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Soutenance de thèse en géologie : Irène PEZZALI

"Composition et évolution du manteau lithosphérique nord-africain : évidences pétrologiques et géochimiques à partir des enclaves de manteau échantillonnées par le volcanisme Cénozoïque intraplaque du Moyen Atlas (Maroc)".

Tutors: Prof. R. Vannucci (Università degli Studi di Pavia)
Prof. G. Chazot (Université de Bretagne Occidentale)

The study of peridotite xenoliths brought to the surface by alkaline basaltic melts in the
Azrou Timahdite volcanic district (Middle Atlas, Morocco) has revealed extreme lithological and
chemical heterogeneity in the lithospheric mantle beneath the NE-SW volcanic alignment parallel
to the Trans-Moroccan fault system. Most of the investigated xenoliths are lherzolites, with
subordinate harzburgites and pyroxenites. In particular, this Ph.D. Thesis was mainly focused on the
pyroxenite rocks in order to understand whether these rocks represent magmatic events and/or
sectors of subducted crust recycled in the lithospheric mantle. The study was also aimed at
characterizing the composition and the geodynamic evolution of the North-Africa lithospheric
The studied lherzolite and harzburgite samples show a wide heterogeneity as for
petrography, mineral and whole rock chemistry as well. In particular, the study of clinopyroxene
trace element signatures has highlighted that lherzolite samples can be divided in three main
• Group 1: it comprises three samples (2003-1, 2003-2 and HEBRI3), which are
characterized by spoon-shaped clinopyroxene REE patterns, with progressive LREE
enrichment and an almost flat pattern in the MREE and HREE region.
• Group 2: it is formed by six Amp-free lherzolites (TAK16, TAK19, KAD15, BOU1,
SAI1 and SAI2) and two Amp-bearing lherzolites (KAD5 and KAD14); their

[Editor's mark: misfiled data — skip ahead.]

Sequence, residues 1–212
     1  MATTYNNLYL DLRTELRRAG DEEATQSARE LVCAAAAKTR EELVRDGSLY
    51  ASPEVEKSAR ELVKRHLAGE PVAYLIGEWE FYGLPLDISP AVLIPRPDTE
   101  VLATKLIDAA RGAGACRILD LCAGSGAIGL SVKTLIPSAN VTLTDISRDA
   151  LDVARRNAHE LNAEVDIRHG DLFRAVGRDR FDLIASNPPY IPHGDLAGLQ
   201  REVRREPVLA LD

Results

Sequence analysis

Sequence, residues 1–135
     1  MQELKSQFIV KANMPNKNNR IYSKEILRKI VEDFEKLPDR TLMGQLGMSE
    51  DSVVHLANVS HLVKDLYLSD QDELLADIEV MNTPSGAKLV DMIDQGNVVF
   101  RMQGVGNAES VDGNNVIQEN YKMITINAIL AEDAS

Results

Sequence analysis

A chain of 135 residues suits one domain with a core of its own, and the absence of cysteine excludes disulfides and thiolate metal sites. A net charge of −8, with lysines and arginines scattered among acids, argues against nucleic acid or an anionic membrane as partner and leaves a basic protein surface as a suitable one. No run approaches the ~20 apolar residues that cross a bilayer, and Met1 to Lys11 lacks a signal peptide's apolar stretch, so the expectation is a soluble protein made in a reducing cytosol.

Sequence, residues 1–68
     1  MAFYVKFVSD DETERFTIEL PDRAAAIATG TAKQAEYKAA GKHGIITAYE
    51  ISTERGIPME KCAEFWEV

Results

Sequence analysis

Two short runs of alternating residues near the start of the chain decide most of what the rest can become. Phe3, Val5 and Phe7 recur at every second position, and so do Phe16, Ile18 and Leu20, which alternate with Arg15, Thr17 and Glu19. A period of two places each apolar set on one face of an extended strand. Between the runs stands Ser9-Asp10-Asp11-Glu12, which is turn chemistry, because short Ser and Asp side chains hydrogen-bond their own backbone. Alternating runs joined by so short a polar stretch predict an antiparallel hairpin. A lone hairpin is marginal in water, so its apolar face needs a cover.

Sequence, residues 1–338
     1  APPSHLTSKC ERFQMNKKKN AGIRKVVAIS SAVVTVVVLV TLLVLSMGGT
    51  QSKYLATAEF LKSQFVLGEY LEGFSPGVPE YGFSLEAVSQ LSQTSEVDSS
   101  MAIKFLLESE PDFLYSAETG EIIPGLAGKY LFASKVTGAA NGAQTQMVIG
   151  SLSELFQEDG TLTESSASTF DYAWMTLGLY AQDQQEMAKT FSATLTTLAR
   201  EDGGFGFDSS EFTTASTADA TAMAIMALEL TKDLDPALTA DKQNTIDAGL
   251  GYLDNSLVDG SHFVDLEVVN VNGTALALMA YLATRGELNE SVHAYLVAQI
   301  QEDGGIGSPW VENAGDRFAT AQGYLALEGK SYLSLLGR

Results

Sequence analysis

clinopyroxenes show LREE (≥ 100xC1) and MREE (> 10xC1) enrichment over
HREE (≈ 10xC1), thus displaying an overall large REE fractionation.
• Group 3: it is constituted only by KAD1 sample; its clinopyroxene has a depleted
LREE pattern (below 10xC1), with almost flat pattern in the MREE and HREE
region (about 10xC1).
Clinopyroxenes from harzburgite samples, moreover, are characterized by relative enrichment in
LREE and MREE over HREE. These patterns are, however, similar to those described for the group
2 lherzolites. The geochemical data for the ultramafic samples confirmed the evolutionary scenario
for the lithospheric mantle beneath the Middle Atlas proposed by Raffone et al. (2009). Only few
samples still record old melt-extraction processes, documented by DMM- or MORB-like isotopic
signatures. After their accretion to the lithosphere, these mantle sectors were exhumed (during late
Cretaceous times) by asthenospheric melts with HIMU-like isotopic signatures. These melts caused
a strong metasomatic overprint in the lithospheric mantle. Accordingly, some lherzolite and
harzburgite samples record the chromatographic effects of melt percolation (group 1 and group 3
samples), whereas other xenoliths (group 2 samples) progressively approached chemical
equilibrium with the migrating melts and were extensively re-fertilized. This heterogeneity possibly
resulted from the difference location of samples with respect to the melt percolation front. Relative
to group 2 samples, group 1 and group 3 samples were located far from the melt sources. It is worth